Now I have said that I will veto this plan, and I know that there's a lot of hoopla going on around the country, from town meetings to paid political ads, to try to change the opinion of the American people. But no matter how much advertising is done or how much argument is made -- since we're talking about education today, I think one of the central achievements of this administration has been to restore arithmetic to the budgeting of the government. (Laughter.) You know, this is not trigonometry, this is not algebra, this is not calculus and it is not supply side economics -- it's basic arithmetic.

We got from a $290 billion deficit to a $99 billion surplus while almost doubling our investment in education and training by going back to arithmetic in Washington. And no amount of argument will change the arithmetic of the population of the kids going into our schools. No amount of argument will change the arithmetic of the doubling of our seniors. No amount of argument will change the arithmetic that there are going to be relatively fewer people working while more people draw Social Security and Medicare. No amount of argument will change the arithmetic of the number of teachers who are going to retire. And the truth is, that the American people deep down inside, sort of sense this.

So, yes, I'll veto the tax plan. But let's don't stop with a negative, let's make something good happen here. This is about something positive. This can be a great thing for America, having all these kids in the schools from all these different backgrounds. They can make us a bigger, stronger, more diverse, richer, more successful country.

But we have to do right by them. We've got to give them a good economy. We've got to make sure that when the baby boomers retire the parents of these children don't have to spend money that they would otherwise spend educating their children and helping them grow, taking care of their parents because we haven't done right by Social Security and Medicare. And we've got to give them a decent, world-class education. And if we could just go back to arithmetic, we can figure it out.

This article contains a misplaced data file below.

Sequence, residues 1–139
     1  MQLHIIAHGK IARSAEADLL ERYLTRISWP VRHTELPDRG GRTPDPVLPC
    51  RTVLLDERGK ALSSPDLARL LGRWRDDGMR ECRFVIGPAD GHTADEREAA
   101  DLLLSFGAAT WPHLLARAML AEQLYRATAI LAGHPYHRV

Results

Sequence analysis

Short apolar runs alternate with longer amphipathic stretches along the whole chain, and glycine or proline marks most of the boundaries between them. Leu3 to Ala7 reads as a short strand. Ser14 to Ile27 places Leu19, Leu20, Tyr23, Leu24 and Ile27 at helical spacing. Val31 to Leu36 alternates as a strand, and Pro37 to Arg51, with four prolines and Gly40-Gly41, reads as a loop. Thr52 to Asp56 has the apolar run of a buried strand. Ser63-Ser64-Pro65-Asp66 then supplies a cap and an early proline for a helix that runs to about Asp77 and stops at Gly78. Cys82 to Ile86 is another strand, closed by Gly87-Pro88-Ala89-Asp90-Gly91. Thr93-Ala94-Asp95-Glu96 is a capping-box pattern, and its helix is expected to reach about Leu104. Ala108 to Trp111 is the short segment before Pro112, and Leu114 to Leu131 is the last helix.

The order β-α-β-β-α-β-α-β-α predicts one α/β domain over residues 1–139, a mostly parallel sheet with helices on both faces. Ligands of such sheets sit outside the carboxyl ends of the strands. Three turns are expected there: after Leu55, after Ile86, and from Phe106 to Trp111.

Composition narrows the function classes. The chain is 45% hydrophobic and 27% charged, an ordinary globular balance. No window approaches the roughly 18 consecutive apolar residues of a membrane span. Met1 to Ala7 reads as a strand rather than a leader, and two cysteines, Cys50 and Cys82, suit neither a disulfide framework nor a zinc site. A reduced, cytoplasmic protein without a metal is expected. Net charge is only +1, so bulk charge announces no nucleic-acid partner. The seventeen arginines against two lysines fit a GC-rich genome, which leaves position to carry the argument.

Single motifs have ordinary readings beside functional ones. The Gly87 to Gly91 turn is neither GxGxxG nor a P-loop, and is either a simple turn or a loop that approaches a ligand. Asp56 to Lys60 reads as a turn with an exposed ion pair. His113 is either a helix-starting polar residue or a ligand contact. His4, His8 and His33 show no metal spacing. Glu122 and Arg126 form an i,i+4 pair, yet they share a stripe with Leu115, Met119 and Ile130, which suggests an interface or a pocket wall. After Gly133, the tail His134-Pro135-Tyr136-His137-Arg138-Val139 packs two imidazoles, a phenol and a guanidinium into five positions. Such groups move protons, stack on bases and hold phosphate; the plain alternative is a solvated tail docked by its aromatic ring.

Now let me tell you what the alternative is. If this tax bill that's just passed, if I said, oh, well, they had all these town meetings, and they had all these ads and, oh, the polls have changed and, oh, I better sign it and, oh, we had a big celebration here -- within fairly short order, we would find the following. Today, we help 12 million kids in poor communities to make more of their education. If the tax plan passes, over the next few years, we'd have to tell 6 million of them we couldn't do it anymore.

Today, we help a million children learn to read independently by the 3rd grade. If the plan passes, we'd have to tell more than half of them we couldn't help them anymore.

Today, we're nearing our goal of enrolling a million preschoolers in Head Start. If the plan were to pass, we'd have to turn over 400,000 away.

Compared to our proposal, this tax plan would mean to those already in school -- nevermind the ones that are coming, already in school -- larger classes, fewer teachers, more trailers. That's what it means. Sounds like a country song, doesn't it? (Laughter.) Larger classes, fewer teachers, more trailers. (Laughter.) I like country music, but we can do better than that.